Protests by African-American communities in 2015 in the wake of highly-publicized police shootings moved Hill even further into blatant white supremacy. In May 2015, Michael Hill declared his determination to participate in a race war if “negroes,” egged on by the “largely Jewish-Progressive owned media,” engaged in “black rage.” Hill warned that “if negroes think a ‘race war’ in modern America would be to their advantage, they had better prepare themselves for a very rude awakening.” On June 1, Hill openly declared that “our Southern forebears” who opposed civil rights for African-Americans “were right.”

With a leader spouting tirades about race war and followers openly cavorting with neo-Nazis and other white supremacists, there can be no further doubt that the League of the South, despite its past denials, is anything other than an explicitly white supremacist organization.

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April 9, 2015

North Charleston Shooting Provokes Virulently Racist Reactions

This article includes explicit and offensive material. It highlights part of ADL’s ongoing efforts to track and expose the ugly reactions and responses of white supremacists and extremists to the high-profile police shooting incidents across the United States in 2014-15.

north-charleston-posting

Comment from Stormfront

Michael Slager, a North Charleston, South Carolina, police officer, has been charged with murder after a witness turned in cellphone video of the April 4 shooting death of Walter Scott. The video showed Slager, a white officer, shooting Scott, an African-American, multiple times in the back as Scott apparently fled from a traffic stop situation.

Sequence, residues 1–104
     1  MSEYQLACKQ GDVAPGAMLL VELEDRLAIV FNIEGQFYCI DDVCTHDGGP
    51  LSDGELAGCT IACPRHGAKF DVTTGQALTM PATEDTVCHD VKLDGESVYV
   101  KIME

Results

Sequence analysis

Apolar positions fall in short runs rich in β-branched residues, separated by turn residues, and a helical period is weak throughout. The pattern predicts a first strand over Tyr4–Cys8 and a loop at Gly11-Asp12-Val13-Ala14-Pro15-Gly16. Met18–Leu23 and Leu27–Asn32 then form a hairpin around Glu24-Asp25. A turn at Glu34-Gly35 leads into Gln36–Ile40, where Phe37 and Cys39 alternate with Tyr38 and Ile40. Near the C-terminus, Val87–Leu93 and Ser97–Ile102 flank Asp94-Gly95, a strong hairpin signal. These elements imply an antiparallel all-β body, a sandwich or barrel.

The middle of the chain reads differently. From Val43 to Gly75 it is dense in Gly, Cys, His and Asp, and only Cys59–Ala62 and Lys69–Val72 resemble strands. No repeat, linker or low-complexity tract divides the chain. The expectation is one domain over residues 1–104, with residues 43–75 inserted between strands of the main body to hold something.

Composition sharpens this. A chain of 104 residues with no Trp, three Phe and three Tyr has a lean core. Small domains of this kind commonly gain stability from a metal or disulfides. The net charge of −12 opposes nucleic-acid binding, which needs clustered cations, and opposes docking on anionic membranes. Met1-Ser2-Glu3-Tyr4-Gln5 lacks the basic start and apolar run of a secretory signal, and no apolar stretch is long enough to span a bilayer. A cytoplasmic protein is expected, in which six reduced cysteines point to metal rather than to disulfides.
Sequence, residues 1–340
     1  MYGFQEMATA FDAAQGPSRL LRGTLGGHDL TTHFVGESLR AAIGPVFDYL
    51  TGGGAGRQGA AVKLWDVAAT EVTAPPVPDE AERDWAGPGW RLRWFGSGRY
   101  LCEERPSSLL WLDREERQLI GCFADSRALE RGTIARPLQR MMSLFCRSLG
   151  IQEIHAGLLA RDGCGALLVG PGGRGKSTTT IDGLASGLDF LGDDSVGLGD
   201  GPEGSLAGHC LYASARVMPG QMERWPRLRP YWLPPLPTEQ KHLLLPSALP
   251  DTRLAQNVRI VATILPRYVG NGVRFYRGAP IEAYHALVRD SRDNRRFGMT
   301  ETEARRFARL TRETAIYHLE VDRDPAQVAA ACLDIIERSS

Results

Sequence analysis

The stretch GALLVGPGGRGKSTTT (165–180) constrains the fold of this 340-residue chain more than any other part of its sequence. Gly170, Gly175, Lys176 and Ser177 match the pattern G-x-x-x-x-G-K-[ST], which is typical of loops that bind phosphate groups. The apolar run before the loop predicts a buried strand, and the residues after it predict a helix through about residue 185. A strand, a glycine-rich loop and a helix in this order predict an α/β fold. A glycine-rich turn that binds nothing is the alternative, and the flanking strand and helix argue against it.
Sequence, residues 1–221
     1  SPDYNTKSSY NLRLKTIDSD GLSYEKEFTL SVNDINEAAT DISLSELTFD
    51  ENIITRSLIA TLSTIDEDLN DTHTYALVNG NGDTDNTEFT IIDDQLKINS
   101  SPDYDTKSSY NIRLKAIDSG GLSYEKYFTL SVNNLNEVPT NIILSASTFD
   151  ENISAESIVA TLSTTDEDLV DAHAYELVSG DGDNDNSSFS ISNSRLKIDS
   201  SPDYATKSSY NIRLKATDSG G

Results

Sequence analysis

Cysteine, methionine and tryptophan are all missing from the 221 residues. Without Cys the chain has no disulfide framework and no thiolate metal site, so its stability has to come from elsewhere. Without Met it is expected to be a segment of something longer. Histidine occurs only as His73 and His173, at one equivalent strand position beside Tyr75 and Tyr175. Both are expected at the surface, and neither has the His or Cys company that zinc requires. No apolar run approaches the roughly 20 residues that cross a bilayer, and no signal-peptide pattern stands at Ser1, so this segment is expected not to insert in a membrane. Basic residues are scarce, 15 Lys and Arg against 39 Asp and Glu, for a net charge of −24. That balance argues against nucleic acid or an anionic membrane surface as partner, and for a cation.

The graphic footage evoked strong public reactions at a time when police shootings of unarmed African-Americans have been brought into the national spotlight. Police Chief Eddie Driggers spoke for many viewers when he said, “I was sickened by what I saw.”

Not everybody had that reaction.

Among racists and white supremacists, the video provoked an entirely different set of conversations, dominated by virulently racist responses. “This cop should be applauded for taking a future rapist, thief, drug dealer, nigger off the street,” posted American_Fascist to the discussion site reddit. “I like this cop’s style,” wrote Pungspark on the white supremacist Daily Stormer site. “Too bad [he] didn’t make sure there were no witnesses.”

Some white supremacists agreed, even if reluctantly, that the officer might have committed murder. “It appears that the pig did unjustly kill the jig,” allowed Joe from OH on the white supremacist Vanguard News Network (VNN) forum.